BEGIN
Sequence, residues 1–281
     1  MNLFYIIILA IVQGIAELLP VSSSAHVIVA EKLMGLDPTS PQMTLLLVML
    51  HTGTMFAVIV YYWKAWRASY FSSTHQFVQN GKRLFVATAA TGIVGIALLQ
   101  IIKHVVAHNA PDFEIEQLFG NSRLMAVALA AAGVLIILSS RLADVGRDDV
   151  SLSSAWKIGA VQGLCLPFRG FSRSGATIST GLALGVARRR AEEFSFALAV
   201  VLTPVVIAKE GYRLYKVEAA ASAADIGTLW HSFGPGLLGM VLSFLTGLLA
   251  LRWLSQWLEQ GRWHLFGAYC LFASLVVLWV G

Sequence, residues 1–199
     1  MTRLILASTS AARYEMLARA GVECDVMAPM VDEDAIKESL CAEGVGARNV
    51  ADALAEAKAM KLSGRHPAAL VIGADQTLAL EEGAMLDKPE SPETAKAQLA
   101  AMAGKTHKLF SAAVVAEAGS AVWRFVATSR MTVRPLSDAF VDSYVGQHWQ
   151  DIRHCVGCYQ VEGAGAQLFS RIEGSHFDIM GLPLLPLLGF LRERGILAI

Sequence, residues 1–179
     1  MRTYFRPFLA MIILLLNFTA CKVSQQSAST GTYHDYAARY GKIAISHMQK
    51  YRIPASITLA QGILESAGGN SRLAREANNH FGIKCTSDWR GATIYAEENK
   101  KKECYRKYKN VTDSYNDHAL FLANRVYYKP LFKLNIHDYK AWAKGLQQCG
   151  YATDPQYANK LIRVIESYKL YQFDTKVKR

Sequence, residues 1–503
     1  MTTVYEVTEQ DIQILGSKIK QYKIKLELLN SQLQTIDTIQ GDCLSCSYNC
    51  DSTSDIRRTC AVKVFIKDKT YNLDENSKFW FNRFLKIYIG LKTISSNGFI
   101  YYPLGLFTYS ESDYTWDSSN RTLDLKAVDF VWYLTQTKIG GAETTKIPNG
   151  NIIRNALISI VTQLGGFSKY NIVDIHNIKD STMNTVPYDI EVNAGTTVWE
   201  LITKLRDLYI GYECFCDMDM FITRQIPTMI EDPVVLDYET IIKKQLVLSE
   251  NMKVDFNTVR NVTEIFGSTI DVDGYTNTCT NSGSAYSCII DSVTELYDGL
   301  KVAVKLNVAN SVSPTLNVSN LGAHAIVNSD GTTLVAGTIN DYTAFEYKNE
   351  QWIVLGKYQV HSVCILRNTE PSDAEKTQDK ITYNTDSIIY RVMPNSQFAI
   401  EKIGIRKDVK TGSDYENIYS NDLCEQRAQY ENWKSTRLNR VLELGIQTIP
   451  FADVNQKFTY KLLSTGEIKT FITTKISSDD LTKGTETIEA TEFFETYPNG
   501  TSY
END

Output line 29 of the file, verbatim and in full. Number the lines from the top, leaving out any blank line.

   501  TSY